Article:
Tuesday, 22 December 2015

A&E whitewash: After chaos caused by casualty closures, NHS boss orders 'review' by the same people who had proposed shutting units.

Review found long A&E waits were 'unrelated' to the closures of two units.

Consultancy firm paid by the NHS had been paid millions for closure plan.
Authors' identity divulged only through Freedom of Information request.
Health service managers signed off a payment of £150,000 for the view.

NHS bosses have been accused of ‘marking their own homework’ over a review that claimed the closure of two A&E departments had little impact on other hospitals.
NHS bosses have been accused of ‘marking their own homework’ over a review that claimed the closure of two A&E departments had little impact on other hospitals. Above, Dr Mark Spencer, medical director for NHS NW London
NHS bosses have been accused of ‘marking their own homework’ over a review that claimed the closure of two A&E departments had little impact on other hospitals.

The ‘independent’ review, commissioned by NHS England, found that soaring waits for A&E treatment in North-West London were ‘unrelated to the closures’ of two casualty units in the area in September 2014.
Now it has emerged that the consultancy firm paid by the NHS to write the study was the same one already paid millions for coming up with the closure plan in the first place.
The NHS repeatedly refused to tell campaigners who had written it – only divulging the authors’ identity when forced to do so under the Freedom of Information Act.

Health service managers signed off a payment of £150,000 plus VAT for US firm McKinsey & Co to write the review. It was last night branded a ‘whitewash’ by campaigner Colin Standfield, who has led calls to save health services in the capital, and submitted the FoI request.
He said: ‘McKinsey have trousered at least £33 million out of the NHS in North-West London and were the main drivers of the Shaping A Healthier Future A&E closure programme.
‘Now they pick up another £150,000 for this tin of whitewash, as an extension to their existing contract.
‘That’s madness, scandalous. McKinsey are so much part of the process that it amounts to NHS bosses effectively marking their own homework.’
Dr Mark Spencer, medical director of Shaping A Healthier Future, ordered the review a year ago after The Mail on Sunday – as part of a long-running campaign to stop casualty units being axed – highlighted how the closure of those at Hammersmith and Central Middlesex hospitals was immediately followed by rocketing waiting times at Northwick Park hospital in Harrow.

That autumn, the proportion of patients having to wait four hours or more in Northwick Park’s A&E averaged 25 per cent – double the 11 per cent figure of autumn 2013.

At the time Dr Spencer said he did not think the closures were having a ‘major impact’ on other hospitals. But he promised: ‘We’ve asked for an external review… to see if there’s anything we need to learn to get it right. If we are wrong, we will find out how we got it wrong and not do it again.’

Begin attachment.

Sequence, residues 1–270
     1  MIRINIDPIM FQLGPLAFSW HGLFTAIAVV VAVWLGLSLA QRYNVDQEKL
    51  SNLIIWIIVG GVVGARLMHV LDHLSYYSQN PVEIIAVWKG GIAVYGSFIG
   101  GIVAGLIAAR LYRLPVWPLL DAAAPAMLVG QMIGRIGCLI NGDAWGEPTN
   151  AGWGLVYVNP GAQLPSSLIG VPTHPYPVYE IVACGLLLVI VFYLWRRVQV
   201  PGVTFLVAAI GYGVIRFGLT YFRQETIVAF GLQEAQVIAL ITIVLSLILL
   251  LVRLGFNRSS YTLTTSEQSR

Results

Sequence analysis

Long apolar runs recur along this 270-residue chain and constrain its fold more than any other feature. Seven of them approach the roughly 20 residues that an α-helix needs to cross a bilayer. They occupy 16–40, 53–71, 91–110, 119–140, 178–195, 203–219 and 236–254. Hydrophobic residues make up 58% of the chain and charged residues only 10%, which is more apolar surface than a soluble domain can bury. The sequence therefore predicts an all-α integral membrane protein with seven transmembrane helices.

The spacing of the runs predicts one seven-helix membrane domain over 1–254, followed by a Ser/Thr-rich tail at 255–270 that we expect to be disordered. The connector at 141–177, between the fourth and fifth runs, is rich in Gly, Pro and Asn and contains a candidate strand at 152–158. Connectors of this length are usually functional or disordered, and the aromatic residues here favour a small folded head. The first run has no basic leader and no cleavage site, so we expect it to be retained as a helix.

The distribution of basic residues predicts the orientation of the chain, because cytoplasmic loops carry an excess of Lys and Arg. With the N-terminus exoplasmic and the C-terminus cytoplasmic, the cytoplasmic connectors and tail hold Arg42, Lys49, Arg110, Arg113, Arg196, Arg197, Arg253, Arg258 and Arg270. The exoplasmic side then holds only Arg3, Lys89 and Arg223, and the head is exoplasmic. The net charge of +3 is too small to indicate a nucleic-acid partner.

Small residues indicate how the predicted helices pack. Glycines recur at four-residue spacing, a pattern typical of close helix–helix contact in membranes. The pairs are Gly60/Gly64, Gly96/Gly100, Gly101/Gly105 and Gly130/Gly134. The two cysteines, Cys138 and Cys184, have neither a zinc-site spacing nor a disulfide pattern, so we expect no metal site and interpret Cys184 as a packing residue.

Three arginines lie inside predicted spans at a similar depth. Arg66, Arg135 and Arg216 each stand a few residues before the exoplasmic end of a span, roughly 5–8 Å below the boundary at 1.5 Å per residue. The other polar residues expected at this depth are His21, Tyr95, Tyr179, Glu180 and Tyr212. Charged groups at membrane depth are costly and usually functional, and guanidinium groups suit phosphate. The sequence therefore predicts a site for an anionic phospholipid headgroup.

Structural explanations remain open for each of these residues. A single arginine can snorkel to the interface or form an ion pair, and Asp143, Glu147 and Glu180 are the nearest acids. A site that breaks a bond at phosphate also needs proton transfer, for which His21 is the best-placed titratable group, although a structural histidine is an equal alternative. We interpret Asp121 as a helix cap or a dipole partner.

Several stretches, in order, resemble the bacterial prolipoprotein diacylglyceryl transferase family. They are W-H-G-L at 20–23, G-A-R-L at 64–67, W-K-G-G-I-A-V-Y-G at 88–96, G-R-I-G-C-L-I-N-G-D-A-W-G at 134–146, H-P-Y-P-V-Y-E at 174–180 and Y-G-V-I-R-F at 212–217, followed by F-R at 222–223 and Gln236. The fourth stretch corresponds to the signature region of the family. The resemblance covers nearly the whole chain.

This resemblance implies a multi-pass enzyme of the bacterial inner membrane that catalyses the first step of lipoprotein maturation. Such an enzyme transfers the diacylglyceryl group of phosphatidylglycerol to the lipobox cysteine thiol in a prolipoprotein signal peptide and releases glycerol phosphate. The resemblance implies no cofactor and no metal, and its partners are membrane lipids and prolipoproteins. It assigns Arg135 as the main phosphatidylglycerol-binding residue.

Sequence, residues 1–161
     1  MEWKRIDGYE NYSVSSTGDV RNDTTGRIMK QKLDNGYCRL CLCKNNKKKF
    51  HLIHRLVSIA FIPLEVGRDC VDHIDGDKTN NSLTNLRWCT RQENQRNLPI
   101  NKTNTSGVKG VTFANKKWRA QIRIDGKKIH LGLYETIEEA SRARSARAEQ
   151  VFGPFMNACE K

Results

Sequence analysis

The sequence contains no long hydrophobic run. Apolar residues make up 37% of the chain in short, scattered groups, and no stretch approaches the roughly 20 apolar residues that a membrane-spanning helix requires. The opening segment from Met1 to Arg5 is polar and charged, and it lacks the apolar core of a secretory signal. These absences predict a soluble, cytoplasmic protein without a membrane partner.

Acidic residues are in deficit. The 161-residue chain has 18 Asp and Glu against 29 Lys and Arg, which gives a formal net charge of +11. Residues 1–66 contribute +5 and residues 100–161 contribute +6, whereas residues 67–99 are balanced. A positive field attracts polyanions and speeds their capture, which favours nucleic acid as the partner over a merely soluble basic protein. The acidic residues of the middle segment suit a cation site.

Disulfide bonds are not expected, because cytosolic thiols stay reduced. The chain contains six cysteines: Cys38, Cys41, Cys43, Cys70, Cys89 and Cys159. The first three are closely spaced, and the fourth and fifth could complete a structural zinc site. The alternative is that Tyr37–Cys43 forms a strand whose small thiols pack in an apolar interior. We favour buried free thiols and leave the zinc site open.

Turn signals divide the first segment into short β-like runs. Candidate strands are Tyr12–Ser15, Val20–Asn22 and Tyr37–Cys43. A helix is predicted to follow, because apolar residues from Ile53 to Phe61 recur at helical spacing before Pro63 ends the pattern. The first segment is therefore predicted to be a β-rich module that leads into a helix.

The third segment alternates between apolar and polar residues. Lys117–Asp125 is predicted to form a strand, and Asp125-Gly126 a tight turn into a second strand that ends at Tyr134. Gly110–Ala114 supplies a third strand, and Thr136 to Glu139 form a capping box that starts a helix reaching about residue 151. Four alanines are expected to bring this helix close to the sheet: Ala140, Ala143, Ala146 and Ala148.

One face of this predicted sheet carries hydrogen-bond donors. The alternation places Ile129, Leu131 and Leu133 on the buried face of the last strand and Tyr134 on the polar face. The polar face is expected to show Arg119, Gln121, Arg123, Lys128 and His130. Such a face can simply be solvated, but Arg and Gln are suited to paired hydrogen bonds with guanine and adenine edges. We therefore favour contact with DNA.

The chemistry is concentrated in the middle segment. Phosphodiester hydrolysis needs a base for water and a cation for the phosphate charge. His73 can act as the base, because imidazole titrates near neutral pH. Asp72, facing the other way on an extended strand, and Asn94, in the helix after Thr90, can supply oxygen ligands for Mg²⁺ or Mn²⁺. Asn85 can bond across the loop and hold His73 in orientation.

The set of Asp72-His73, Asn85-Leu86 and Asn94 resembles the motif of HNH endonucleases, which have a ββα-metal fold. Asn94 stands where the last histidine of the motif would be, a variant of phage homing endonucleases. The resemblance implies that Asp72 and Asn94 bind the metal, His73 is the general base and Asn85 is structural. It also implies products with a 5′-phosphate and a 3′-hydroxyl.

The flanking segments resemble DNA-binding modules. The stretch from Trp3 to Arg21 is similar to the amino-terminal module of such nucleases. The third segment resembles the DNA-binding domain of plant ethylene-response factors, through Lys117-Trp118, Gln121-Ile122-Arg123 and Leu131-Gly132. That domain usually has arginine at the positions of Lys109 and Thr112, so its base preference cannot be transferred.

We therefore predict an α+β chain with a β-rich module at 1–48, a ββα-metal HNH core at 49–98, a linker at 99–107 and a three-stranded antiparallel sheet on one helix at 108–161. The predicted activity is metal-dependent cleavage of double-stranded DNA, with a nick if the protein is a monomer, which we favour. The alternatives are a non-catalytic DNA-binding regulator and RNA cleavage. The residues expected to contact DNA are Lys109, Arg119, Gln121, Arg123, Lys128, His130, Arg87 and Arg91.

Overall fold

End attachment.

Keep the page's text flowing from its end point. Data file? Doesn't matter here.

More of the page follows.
In July, NHS England published a ‘Review of the Implementation of North-West London A&E Changes’. It quoted from what was described as ‘the independent review of A&E performance’ – but the full McKinsey document itself was not published, and neither was the author named.
The ‘independent’ review, commissioned by NHS England, found that soaring waits for A&E treatment in North-West London were ‘unrelated to the closures’ of two casualty units in the area in September 2014

The ‘independent’ review, commissioned by NHS England, found that soaring waits for A&E treatment in North-West London were ‘unrelated to the closures’ of two casualty units in the area in September 2014 (stock image)
Cherry-picking its evidence, NHS England said the independent review found ‘local performance issues’ had been caused by ‘significant variances in demand’ for A&E services, but these problems were ‘unrelated to the closures’.

NHS England also concluded that ‘deterioration in A&E performance’ in October 2014 was ‘not related to the A&E changes’ but ‘in line with deterioration across London and England’.
This interpretation was based on looking at four-hour wait figures at ‘all type’ A&Es, which includes urgent care centres and minor injury units.
Analysing ‘Type 1’ units alone – meaning proper A&Es only – shows Northwick Park’s A&E has struggled ever since the double closure.
In some weeks more than 30 per cent of patients waited more than four hours – many times the Government’s five per cent limit. The hospital trust that runs it still has among the longest A&E waiting times in England.

In its response to Mr Standfield’s FoI request, NHS England claimed that McKinsey’s review was independent because they were ‘external consultants, therefore independent of the NHS’.
An NHS England spokesman said: ‘This specific analysis was undertaken by an external agency as part of an extension to an existing contract procured competitively. The work was commissioned by NHS England (London), Monitor and the Trust Development Authority.’
A McKinsey spokesman said: ‘We never comment on our client work.’

By STEPHEN ADAMS FOR THE MAIL ON SUNDAY
PUBLISHED: 01:51, 20 December 2015 | UPDATED: 12:53, 20 December 2015



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